The first twenty-four staff at the Thales defence plant in Wells are about to be made redundant in the wake of a government's defence review that hacked billions off the defence budget. This announcement comes as Thales prepares to close the Wells plant.
Thales in Wells have been involved in support systems for the MR4A Nimrod, which the government canceled in the recent Strategic Defence Review. The BAe project was £789 million over budget and ten years late. 280 people currently work on air operations in Wells and the factory closure will take place in March 2011. Some staff may be offered moves to Thales, Templecombe on the Somerset/Dorset border, 22 miles away.
DB Russell Construction, based in Clevedon, have gone into administration. The company, which does building work for local councils and housing associations and employs 30 people, owes about £2m, its administrators say.
G A R B A G E
Bristol City Council has sent out the following message to staff about the proposed £70m worth of cuts they first told them about in the Bristol Evening Post. If anybody has the foggiest idea what they're on about, please let us know!
"Bristol City Council’s savings plan – how the Centre of Excellence is helping to make the changes needed
Release Date: 16 Nov 2010
Due to the current economic climate Bristol City Council, along with other public sector organisations, faces significant financial challenges for the foreseeable future. There is an ever-increasing need for us to target our resources more effectively to deliver change with a clear business need and clearly identifiable benefits.
Some of the savings will be made through making changes through the directorates in their ‘business as usual’ arrangements - eg by not filling vacancies, or by streamlining processes in service delivery. Others, however, require us to fundamentally challenge and change the way we work across the whole Council, and the way we deliver services.
These ‘business changes’ will be delivered through programmes and projects.
The Portfolio, Programme and Project Management Centre of Excellence (CoE) has been established to help the organisation take its change plans forward and to support and embed a revitalised corporate approach to programme and project management for Bristol City Council.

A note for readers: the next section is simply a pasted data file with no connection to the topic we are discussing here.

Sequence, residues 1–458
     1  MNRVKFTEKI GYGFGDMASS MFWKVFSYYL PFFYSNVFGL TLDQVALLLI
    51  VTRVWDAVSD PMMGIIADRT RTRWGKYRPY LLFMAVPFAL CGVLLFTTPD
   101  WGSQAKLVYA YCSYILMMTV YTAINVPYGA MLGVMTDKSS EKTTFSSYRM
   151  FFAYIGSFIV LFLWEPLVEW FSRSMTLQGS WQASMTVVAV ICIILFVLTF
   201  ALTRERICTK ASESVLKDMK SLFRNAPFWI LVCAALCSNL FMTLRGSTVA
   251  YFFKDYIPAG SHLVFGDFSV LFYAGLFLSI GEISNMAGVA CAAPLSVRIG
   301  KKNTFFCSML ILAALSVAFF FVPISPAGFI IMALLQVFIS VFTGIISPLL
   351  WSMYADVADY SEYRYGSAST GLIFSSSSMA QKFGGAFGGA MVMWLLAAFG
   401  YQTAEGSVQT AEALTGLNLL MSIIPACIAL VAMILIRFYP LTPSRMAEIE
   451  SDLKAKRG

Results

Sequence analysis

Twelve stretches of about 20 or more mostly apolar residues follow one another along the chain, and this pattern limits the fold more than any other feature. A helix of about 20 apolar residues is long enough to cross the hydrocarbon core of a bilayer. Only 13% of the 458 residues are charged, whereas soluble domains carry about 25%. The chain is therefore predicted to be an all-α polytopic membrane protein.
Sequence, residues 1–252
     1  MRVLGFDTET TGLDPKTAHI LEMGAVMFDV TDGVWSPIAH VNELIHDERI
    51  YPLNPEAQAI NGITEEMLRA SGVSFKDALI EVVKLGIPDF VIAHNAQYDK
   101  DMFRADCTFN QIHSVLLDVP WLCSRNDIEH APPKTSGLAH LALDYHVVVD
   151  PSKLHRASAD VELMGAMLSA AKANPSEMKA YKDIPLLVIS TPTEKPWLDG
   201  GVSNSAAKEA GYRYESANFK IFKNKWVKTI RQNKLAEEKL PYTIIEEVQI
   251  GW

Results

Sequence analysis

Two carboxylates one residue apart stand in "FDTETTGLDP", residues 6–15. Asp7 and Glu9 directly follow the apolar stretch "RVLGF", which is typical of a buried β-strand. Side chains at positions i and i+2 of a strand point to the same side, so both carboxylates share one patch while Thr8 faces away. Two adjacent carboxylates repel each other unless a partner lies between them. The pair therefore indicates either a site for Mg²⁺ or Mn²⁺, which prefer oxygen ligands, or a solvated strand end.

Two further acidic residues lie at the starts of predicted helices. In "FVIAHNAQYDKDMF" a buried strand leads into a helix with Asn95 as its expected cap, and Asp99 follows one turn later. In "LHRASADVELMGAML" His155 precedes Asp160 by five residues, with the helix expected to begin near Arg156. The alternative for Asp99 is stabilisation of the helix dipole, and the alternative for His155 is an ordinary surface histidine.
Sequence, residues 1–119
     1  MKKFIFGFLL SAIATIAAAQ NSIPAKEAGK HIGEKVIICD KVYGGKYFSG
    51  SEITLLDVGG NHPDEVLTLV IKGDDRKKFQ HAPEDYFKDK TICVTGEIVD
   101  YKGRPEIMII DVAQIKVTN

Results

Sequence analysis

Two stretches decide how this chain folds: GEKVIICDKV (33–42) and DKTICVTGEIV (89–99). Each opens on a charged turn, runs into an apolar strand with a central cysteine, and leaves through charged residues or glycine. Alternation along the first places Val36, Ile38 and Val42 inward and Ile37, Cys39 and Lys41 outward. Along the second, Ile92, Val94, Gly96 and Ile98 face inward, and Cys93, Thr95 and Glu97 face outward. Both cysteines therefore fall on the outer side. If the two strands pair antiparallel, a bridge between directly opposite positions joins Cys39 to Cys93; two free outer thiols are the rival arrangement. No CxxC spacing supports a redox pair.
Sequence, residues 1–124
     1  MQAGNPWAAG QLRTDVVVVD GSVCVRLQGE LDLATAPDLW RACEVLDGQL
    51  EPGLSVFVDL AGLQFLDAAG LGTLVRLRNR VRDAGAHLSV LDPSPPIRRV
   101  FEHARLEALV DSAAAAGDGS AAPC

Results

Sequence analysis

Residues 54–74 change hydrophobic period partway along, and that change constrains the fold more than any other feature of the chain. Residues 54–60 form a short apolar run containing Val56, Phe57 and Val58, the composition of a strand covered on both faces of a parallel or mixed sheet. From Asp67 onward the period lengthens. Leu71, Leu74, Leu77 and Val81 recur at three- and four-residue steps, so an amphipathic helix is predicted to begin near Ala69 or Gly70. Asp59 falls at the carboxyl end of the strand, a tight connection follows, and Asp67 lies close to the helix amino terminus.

We support strategic directors and senior management in successfully delivering corporate priorities through the controlled implementation of its portfolio of programmes and projects. This gives the Strategic Options Delivery Board (SODB) confidence that savings will be released and benefits delivered. (SODB comprises the Chief Executive, Strategic Directors and Heads of Finance and HR, who meet monthly acting as the sponsoring group for programmes and business change projects.)
It is within this context that the CoE, along with the Programme and Project Management Community, have the primary responsibility of making sure that programmes and projects deliver the benefits we, as an organisation, are counting on.
By introducing more structure and discipline into our project and programme management and providing the necessary support to project managers the CoE is supporting the organisation to improve in a critical area.
As a result of initiatives the CoE has introduced, SODB is supported in its strategic decision-making about project and programme investment. Through supportive challenge, the CoE works with the directorates to ensure that business change gets off ‘on the right footing’ and business cases are strengthened so that benefits are clear and can be tracked throughout the programme and project and beyond."
S T U F F
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Original article on IMC Bristol: http://bristol.indymedia.org/article/700381